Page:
I may be wrong in that, but even if I am not, it does seem a little odd that UKTI would award the contract for an important website (as they are pushing the Tech City agenda) to an agency that doesn’t specialise in web development.

  8. >> I imagine that a huge amount of the cost of development came through sub
    >> contracting out the actual web development;
    If that was the case, it wouldn’t have just been the UKTI who got taken to the cleaners, but agency who built it. Looking over the site, it all seems pretty standard out of the box WordPress stuff

  9. I very much doubt that it’s using external freelance contractors that would contribute to the cost. That can be an approach that is frequently actually significantly cheaper for the client than having a big in-house team. I know because I’ve frequently bid on projects against big digital agencies with in-house teams and our pitch using specialist freelances has been lower. In some cases big digital agencies also outsource their actual development, with their team mainly being account handlers, planners, project mangers and creatives.

  10. @Nige There’s no comment in the headline, just a statement of bare facts. (In fact, if anything, I was over-generous in rounding the page count up to 100.)

  11. Sigh.. Ok I grant you – headline not wailing.
    But then, presumably expecting a barrage of praise about cost-effectiveness we read the copy…
    ‘it’s a very high figure for a fairly straightforward WordPress build’
    ‘a bit over-the-top for a fairly basic site’
    and indeed in bold
    ‘It’s not that government can’t afford to do this; it can’t afford not to’ (the inference is quite clear here – these single sites cost a fortune).
    Don’t get me wrong, it’s your site, gnash away by all means.
    But gnashing you surely are 🙂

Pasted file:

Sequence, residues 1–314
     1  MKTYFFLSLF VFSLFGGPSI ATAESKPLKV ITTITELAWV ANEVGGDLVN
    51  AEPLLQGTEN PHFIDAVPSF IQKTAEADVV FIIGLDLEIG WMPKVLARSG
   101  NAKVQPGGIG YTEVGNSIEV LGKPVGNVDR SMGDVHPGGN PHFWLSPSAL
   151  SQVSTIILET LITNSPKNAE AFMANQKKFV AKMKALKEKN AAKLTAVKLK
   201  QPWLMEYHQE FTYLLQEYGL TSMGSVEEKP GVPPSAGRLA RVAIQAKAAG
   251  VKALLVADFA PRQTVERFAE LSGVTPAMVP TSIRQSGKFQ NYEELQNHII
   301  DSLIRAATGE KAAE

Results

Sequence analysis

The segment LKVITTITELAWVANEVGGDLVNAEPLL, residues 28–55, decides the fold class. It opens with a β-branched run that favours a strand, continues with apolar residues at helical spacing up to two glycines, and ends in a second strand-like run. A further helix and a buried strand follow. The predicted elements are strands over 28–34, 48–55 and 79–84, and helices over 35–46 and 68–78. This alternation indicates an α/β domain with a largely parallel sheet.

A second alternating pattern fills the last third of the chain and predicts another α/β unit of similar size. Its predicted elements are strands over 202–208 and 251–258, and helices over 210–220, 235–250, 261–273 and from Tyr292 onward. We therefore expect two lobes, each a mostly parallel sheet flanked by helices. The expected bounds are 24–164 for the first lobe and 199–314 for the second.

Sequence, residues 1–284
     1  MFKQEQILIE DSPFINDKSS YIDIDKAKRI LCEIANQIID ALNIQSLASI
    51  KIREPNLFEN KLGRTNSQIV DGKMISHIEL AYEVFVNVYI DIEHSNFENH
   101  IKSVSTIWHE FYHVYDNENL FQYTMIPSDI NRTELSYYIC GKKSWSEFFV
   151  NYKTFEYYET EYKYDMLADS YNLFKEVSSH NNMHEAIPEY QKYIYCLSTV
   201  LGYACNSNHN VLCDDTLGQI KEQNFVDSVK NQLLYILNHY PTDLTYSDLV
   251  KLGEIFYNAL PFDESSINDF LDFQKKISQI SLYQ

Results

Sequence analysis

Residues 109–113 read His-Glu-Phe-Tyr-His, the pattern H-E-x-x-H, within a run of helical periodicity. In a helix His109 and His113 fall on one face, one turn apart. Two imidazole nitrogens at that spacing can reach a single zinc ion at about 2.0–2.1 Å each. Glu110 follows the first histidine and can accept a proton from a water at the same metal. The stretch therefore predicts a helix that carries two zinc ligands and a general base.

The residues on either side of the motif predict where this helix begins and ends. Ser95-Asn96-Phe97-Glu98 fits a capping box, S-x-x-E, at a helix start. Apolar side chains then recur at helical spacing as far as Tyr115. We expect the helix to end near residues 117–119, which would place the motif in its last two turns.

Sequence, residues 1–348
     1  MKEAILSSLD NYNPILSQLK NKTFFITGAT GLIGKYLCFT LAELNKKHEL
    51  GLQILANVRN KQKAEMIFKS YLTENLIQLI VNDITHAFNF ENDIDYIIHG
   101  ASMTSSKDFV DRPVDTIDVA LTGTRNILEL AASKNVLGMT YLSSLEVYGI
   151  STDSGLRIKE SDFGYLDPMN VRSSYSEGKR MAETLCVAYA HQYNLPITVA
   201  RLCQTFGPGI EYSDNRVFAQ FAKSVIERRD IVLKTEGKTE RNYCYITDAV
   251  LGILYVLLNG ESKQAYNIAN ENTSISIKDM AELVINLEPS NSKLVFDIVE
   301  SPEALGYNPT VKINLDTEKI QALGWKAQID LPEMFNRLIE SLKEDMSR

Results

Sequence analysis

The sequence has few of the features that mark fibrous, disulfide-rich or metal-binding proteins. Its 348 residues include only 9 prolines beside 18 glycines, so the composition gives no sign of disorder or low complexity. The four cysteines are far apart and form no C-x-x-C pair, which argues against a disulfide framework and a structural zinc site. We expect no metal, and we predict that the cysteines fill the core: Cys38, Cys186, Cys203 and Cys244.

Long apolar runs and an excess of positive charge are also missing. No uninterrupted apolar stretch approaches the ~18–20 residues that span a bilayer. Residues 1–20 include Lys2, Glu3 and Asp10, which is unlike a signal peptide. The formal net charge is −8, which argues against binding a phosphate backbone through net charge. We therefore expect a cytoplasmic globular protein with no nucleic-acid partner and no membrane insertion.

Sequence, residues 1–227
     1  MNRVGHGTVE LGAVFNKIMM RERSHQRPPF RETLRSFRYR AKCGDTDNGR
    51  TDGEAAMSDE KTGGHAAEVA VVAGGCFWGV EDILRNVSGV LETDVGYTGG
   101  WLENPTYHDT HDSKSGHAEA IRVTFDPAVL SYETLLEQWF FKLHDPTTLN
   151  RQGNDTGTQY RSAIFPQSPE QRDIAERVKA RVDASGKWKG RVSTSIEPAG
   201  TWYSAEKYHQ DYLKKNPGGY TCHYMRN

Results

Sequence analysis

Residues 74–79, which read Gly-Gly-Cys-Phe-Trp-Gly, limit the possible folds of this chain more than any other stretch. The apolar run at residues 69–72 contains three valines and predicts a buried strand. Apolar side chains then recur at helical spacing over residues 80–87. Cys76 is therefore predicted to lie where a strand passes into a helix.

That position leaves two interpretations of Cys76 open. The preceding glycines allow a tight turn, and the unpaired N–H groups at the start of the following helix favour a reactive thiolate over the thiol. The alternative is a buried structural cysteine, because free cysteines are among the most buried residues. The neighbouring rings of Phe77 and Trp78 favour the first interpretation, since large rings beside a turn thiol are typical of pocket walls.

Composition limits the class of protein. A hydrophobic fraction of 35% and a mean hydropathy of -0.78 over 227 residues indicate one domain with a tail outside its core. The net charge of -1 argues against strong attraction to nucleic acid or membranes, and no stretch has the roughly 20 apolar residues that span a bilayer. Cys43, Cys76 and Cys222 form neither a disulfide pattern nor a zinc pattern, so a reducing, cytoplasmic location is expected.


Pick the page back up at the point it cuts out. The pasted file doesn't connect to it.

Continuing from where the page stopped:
In all seriousnes I do agree that there is a balance to be struck between doing these things ‘one-off’ like this and providing a slightly cleverer central way of doing things (and indeed UKTI already has a central publishing platform running a number of sites). It is a fairly tricky balance to strike, though and super-systems can end up costing a LOT of money since the costs spiral exponentially as more people are required.
    Looking at the figures more closely we can see 37K for development/hosting. Over what period the hosting is covered we don’t know. However if it is the case that they’re using (leasing ?) dedicated servers then that probably equates to a few K per box per annum. Chances are we’d be under 30K for the development. Split that into design, coding and (sigh) meetings and it is not too hard to see where the money went. The coder probably had 2 or 3 weeks, the designer 1 or 2.
    Better still, as you say, address the question of whether a website is really needed. Quite often the answer is no in govt. but it rarely seems to stop anyone.

  12. Surely a Good News headline for this item would have been that a central government website was built quickly, on an open source platform, and for only £53k.
    Until recently this site would have taken 2years, been built on a proprietary platform, and cost £530k.